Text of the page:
2 suspects in Mexico border killings arrested in US, family says

Border Crime

Mexican writer and activist Javier Sicilia, left, comforts Julian LeBaron, who lost relatives and friends in a Nov. 4, 2019 ambush in northern Mexico, during a press conference in Mexico City, Thursday, Jan. 9, 2020. Sicilia and other activists are calling to march against violence on Jan. 23, from Cuernavaca, Morelos state, to the National Palace in the Mexico’s capital. (AP Photo/Marco Ugarte)

MEXICO CITY (AP) — Relatives of nine U.S. dual-national women and children killed in northern Mexico in November said Thursday U.S. authorities told them they have two suspects under detention in the United States.

Bryan LeBaron said American officials told the family that two suspects had been detained in the United States, but did not specify what role they had played in the Nov. 4 ambush attack.

Earlier this week, prosecutors said more than 40 suspects have now been identified in connection with the killings of the extended Langford and LeBaron families who have lived in northern Mexico for decades.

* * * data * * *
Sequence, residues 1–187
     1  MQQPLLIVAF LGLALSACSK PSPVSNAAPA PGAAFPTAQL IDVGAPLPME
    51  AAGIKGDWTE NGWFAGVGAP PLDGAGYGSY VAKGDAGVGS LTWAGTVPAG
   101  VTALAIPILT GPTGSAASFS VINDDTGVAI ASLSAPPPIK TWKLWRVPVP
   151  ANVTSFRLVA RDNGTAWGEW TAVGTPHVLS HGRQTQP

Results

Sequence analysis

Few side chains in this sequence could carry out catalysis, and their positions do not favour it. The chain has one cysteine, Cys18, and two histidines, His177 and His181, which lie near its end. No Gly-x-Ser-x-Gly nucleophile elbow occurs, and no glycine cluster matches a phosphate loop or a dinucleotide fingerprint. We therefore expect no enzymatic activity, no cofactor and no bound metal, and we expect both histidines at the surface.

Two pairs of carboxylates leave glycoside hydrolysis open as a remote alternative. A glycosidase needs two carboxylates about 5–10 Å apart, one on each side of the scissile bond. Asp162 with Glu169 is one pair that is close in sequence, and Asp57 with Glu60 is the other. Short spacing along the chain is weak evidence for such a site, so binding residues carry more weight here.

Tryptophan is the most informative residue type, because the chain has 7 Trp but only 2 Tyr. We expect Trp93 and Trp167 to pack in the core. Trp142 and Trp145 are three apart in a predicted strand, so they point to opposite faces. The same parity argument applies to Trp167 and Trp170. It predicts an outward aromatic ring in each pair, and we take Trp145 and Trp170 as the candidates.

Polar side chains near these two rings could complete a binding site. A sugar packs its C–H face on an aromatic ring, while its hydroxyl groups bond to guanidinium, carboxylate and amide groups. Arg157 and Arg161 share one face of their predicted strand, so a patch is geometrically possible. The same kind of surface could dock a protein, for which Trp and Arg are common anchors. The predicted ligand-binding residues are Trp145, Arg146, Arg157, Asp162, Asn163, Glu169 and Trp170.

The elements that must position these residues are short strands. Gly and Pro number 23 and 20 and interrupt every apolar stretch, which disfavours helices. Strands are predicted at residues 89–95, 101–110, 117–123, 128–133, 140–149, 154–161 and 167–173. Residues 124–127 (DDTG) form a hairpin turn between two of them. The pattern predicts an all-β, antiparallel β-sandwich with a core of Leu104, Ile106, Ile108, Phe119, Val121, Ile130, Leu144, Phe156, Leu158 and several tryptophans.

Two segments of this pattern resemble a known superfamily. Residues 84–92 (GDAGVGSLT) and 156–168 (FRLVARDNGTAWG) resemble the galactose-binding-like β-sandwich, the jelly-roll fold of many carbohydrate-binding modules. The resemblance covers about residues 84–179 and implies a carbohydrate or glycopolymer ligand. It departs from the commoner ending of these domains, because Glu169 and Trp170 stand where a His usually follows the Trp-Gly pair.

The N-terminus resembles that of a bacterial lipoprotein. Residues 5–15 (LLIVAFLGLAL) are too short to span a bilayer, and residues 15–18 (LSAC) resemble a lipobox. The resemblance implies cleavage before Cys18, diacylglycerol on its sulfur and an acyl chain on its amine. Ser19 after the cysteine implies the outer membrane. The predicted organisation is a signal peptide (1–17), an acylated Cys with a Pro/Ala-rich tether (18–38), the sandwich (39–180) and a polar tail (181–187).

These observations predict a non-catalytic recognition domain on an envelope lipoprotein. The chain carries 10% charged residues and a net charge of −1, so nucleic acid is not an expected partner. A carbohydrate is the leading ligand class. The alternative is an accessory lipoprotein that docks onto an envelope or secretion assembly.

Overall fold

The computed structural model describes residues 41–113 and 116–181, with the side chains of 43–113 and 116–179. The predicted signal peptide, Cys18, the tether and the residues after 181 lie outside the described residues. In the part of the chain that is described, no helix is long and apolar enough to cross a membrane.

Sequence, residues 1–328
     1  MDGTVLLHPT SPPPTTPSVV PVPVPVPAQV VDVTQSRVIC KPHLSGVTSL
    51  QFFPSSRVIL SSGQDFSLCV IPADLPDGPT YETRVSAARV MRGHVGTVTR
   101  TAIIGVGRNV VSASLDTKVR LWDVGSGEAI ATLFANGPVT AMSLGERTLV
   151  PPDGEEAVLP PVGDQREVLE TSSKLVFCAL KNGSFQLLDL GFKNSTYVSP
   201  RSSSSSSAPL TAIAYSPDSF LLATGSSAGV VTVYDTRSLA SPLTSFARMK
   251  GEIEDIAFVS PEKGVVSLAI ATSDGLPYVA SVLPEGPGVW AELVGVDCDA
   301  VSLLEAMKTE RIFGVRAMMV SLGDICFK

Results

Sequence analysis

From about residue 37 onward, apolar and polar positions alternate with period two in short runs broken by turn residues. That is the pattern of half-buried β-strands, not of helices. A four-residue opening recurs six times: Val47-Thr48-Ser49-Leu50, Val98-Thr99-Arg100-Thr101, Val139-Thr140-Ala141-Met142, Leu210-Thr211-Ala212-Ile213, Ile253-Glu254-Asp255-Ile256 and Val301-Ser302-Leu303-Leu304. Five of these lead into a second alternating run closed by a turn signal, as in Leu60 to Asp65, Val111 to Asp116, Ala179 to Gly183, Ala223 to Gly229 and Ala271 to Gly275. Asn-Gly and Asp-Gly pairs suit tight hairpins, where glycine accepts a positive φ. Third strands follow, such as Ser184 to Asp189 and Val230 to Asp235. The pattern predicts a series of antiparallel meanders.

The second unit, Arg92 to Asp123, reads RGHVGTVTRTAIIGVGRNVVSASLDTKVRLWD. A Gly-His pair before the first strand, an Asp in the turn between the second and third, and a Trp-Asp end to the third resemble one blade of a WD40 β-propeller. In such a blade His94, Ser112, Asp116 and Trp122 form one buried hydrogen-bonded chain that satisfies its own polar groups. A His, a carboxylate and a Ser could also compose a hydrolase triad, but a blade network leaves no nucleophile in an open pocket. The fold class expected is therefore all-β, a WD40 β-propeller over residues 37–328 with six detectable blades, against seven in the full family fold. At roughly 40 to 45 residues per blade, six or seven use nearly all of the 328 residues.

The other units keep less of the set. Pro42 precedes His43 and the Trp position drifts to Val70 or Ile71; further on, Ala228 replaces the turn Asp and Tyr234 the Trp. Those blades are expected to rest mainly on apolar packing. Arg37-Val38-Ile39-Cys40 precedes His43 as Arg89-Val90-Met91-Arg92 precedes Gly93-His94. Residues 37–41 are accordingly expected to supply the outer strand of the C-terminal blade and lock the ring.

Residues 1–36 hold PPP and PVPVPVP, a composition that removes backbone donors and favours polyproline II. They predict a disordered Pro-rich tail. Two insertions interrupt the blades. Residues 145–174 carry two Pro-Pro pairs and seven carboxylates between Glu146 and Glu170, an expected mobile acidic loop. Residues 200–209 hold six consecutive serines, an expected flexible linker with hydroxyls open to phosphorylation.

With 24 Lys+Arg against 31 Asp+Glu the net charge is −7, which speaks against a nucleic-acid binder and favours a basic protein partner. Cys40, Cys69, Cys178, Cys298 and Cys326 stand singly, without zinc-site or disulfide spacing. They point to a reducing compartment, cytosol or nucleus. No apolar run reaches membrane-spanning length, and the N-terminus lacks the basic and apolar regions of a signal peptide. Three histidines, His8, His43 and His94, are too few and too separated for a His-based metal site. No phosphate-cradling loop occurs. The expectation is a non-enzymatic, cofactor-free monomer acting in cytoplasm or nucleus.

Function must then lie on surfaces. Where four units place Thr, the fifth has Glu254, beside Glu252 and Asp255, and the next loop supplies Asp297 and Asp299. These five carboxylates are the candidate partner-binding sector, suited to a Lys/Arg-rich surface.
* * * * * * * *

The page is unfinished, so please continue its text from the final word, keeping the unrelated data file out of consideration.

They consider themselves Mormon but are not affiliated with The Church of Jesus Christ of Latter-Day Saints. Many have dual U.S.-Mexican citizenship.

The prosecutors’ office did not offer any further details on the 40 suspects, many of whom are apparently known only by their nicknames.

Last week, prosecutors reported that three men were arrested and charged with organized crime for drug offenses, though none apparently yet faces homicide charges in the case.

They said four other suspects are being held under a form of house arrest. The name of one suspect announced by federal prosecutors Monday partially matches the police chief of the town of Janos, Chihuahua, near where the killings occurred. Local media reported the police chief had been in the pay of the La Linea drug gang.

Julian LeBaron, who lost relatives and friends in the ambush, confirmed the police chief had been arrested, and added, “That should be very worrying to everyone.”

“Who vets them?” LeBaron asked. “He (the police chief) was there for 13 years”, he said, questioning how state authorities could not have known the man was working for a drug cartel.

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